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Source: BBC News

Mar 31, 2023

At a glance

  • The sister of an Irish man being detained in an Iranian prison has said she hopes new health tests will see him released on humanitarian grounds

  • Bernard Phelan, who is 64, has been detained since October

  • His family says he has serious health issues, including hypertensive heart disease and chronic bone and eyesight issues

  • His sister Caroline said their wish is to get Mr Phelan home so he can recover


BY Niall Glynn


The sister of an Irish man who has been held in an Iranian prison since October has said she is hopeful he will be released on humanitarian grounds.


Bernard Phelan, 64, has been accused of "providing information to an enemy country" by Iranian authorities, which he and his family deny.


Last month, a judge in Iran sentenced him to three-and-a-half years, but said he would be pardoned on humanitarian grounds.


However, a week later, his family said, he was back in court and his sentence was increased to six-and-a-half years and he was told he would not be pardoned.


Mr Phelan has hypertensive heart disease and chronic bone and eyesight issues.


He had previously gone on a food and water strike in protest at his arrest sparking international concern for his case.

His sister Caroline Massé-Phelan said that her brother is going blind and that earlier this week the Ministry of Foreign Affairs in Iran brought doctors to the prison to carry out tests on him.


"They’ve also asked for further testing at an outside hospital in Mashhad, which Bernard has agreed to," Ms Massé-Phelan said.


"If he passes the test that he is really sick he could potentially be pardoned based on humanitarian circumstances.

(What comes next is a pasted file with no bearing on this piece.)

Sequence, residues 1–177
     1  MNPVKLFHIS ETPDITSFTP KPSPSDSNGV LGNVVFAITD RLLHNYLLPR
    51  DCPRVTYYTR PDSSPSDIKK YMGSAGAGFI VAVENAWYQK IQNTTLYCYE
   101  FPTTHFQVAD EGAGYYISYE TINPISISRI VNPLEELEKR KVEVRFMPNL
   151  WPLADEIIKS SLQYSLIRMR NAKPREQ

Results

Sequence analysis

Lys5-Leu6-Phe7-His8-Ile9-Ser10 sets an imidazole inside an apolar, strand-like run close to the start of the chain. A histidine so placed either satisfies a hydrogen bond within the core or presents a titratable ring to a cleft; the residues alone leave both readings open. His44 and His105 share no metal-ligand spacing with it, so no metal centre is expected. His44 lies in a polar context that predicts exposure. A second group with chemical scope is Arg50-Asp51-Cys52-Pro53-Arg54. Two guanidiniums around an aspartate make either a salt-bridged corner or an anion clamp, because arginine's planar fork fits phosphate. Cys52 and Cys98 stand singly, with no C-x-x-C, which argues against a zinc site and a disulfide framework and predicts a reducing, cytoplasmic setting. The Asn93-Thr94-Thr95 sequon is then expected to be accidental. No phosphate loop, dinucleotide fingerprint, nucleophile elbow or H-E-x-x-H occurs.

"We’re very hopeful on that, we’re really counting on that, we’re counting on them really realising the state of Bernard’s health and realising he shouldn’t be where he is and that he should be released on humanitarian grounds."


Mr Phelan is originally from Clonmel, County Tipperary, but grew up in Blackrock, County Dublin.


The Paris-based travel consultant, who was travelling on a French passport, had been visiting Iran since 2017, promoting it as a tourist destination.


Mr Phelan was arrested on 3 October in the north-eastern city of Mashhad during a wave of anti-government protests that have seen millions take to the streets.


He was detained for allegedly taking photographs of police officers and a mosque that had been burned.


Caroline Massé-Phelan said the family is worried they “won't get him back in time healthwise” and don’t want him to come out of prison “feet first”.


She said Mr Phelan is due to meet with the Irish consul in Iran next week for the first time in the six months since he was detained.


Ms Massé-Phelan said she was in constant contact with the Irish government and trusted them "to be doing what they should do".


"However, they just need to keep going and maybe potentially go over there," she said.


"I know their consular person is over there already, but he’s on his own, so maybe a ministerial contingent from Ireland could potentially go over and really confirm their support for Bernard.


"So that’s what I would want, that they continue to exert pressure on the Iranian authorities for Bernard’s safe trip home."


In a statement, the Irish Department of Foreign Affairs said: “The government is extremely concerned about the continued detention of Bernard Phelan, especially given his ill health.


"The Department of Foreign Affairs is in ongoing contact with the Iranian authorities on the case, and this remains the focus of our discussions.


"The department is providing consular assistance to Mr Phelan and as with all consular cases does not comment on the details of specific cases.”


On Thursday about 100 people gathered outside the Iranian Embassy in Dublin to hand a letter to authorities calling for Mr Phelan’s immediate release.


Speaking afterwards to Irish broadcaster RTE, Mr Phelan's 97-year-old father Vincent said he was desperate to see his son again.


"I'm very worried about him because my life is still very short. I'm 97 and I'd like to see Bernard and have him with me before I pass away," he said.


"I miss him terribly, sometimes I cry at night when I think of Bernard."


Caroline Massé-Phelan said the family is "grasping onto the little winds or hopes that we will get him home".


"That would be our wonderful wish that he would come home and we can put this behind us and he can get on within his life and recover," she said.

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